David Letterman, who retired from “Late Show,” and Stephen Colbert, who left “The Colbert Report” to succeed Letterman this fall, also are in the Emmy hunt for their former shows. “Late Show” was last nominated in 2009 as best variety, music or comedy series and last won in 2002. Was Don’s Coca-Cola campaign the ultimate sign that he’s so cynical, he can’t have a single authentic experience that he won’t use as an excuse to sell something? In reality, his acting probably came to be taken for granted – or was regarded as too obvious a choice – before a feeling that his achievement across the whole series should be noticed. Jon Hamm may hope for a similar response to his final hours as Don Draper, and the encountering of recent personal difficulties may not harm his chances. They’re both getting a break: the TV academy split the variety series category into two, one for variety talk shows and one for variety or sketch series like “Saturday Night Live,” making space for more contenders in each.

In the case of the Emmys, though, even more precise distinctions are required than on other panels because – unlike many other TV prizes, including the Baftas – nominations relate to specific episodes, with actors and writers (due to the American TV fashion of using multiple scripting teams) being entered for specific storylines. The change to a theater in West Hollywood also moved the traditional pre-dawn back by several hours, making it unavailable to network morning shows that typically aired it.

This year, with Mad Men in the writing and performing sections, Hamm and Weiner may get a lift from the extra emotions surrounding Person to Person, the last episode, but in another category, the concentration on specific scripts may harm the show’s hopes in the main. Roush: “Mad Men” did improve considerably (though still uneven) in the back half of its final year, but no show had a more enjoyable and satisfying final season than the perennially under-appreciated “Justified” — going back to its Harlan County roots in the end, with deliciously stellar work from Timothy Olyphant, Walton Goggins, Joelle Carter and the magnificent Sam Elliott.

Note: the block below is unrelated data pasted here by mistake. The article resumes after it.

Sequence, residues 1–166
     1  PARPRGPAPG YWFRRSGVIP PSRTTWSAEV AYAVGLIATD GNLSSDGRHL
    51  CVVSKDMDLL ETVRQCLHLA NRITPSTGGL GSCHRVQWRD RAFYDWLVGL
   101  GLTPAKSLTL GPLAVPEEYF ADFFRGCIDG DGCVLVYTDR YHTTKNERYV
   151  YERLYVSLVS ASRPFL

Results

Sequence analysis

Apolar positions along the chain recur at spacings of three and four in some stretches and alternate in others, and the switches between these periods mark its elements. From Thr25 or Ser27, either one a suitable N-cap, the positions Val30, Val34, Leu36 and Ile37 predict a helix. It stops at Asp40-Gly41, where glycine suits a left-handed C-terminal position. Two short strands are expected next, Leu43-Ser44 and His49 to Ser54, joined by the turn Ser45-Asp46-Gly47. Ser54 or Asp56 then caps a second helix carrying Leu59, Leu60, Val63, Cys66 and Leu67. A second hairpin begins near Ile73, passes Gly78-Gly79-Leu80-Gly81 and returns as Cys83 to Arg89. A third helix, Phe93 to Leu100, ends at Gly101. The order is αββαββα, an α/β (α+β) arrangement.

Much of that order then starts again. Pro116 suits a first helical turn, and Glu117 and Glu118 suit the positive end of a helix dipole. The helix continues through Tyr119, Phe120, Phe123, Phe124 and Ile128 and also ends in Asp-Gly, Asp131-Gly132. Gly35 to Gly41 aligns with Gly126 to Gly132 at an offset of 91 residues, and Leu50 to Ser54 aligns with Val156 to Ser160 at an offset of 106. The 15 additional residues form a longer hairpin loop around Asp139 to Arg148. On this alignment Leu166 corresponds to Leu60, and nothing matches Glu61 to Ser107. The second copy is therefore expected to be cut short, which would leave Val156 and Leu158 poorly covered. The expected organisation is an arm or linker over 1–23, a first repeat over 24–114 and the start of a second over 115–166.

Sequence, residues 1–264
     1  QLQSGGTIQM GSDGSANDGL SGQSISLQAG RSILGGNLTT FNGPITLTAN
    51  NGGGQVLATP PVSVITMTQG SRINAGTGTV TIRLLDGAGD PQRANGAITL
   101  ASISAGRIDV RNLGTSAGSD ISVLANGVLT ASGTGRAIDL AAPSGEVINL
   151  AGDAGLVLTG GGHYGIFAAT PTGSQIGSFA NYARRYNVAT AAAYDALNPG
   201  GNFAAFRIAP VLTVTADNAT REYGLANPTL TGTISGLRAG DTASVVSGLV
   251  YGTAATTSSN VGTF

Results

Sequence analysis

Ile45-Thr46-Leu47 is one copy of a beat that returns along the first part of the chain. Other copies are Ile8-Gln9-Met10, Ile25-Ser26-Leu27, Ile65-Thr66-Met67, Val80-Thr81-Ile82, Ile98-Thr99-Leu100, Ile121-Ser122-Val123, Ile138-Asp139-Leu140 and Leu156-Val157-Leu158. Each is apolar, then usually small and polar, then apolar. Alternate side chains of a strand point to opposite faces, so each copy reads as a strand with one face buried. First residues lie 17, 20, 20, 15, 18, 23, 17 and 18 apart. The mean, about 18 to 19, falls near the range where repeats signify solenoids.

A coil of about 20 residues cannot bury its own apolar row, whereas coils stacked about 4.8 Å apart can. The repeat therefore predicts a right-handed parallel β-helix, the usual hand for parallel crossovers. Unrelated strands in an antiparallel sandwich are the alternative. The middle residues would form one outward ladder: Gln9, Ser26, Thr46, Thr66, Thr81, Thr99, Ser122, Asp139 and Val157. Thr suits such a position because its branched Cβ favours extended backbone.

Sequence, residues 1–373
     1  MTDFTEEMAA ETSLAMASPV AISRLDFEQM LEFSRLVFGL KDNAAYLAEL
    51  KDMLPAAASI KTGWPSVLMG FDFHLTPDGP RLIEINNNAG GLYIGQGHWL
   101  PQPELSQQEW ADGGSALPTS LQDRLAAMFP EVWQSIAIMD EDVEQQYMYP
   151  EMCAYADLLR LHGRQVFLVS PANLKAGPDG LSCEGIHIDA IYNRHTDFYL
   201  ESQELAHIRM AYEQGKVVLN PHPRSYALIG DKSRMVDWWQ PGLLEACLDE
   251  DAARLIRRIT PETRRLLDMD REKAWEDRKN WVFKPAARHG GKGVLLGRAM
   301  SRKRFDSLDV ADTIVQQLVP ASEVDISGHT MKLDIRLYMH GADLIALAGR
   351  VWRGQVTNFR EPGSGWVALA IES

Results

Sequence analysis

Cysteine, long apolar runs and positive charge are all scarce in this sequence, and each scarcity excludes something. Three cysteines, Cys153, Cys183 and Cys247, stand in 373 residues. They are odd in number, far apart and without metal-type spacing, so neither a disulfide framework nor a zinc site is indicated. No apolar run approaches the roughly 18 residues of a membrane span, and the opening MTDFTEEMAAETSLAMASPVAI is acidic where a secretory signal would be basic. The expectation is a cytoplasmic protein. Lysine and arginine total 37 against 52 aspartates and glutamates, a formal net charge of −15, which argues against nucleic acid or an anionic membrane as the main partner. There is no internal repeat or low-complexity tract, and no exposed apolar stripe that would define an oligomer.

And as the members of its awesome-sauce ensemble keep honing and discovering their individual voices, their success will continue to send audiences back to the home of their collective glory. Henson’s fabulous breakout character of Cookie would be most welcome, but given the relative strength of the overcrowded drama field these days, it’s hard to make an argument for this sort of guilty pleasure to be the best in its category (when shows like “The Americans” and “The Good Wife” fail even to make the cut season after excellent season).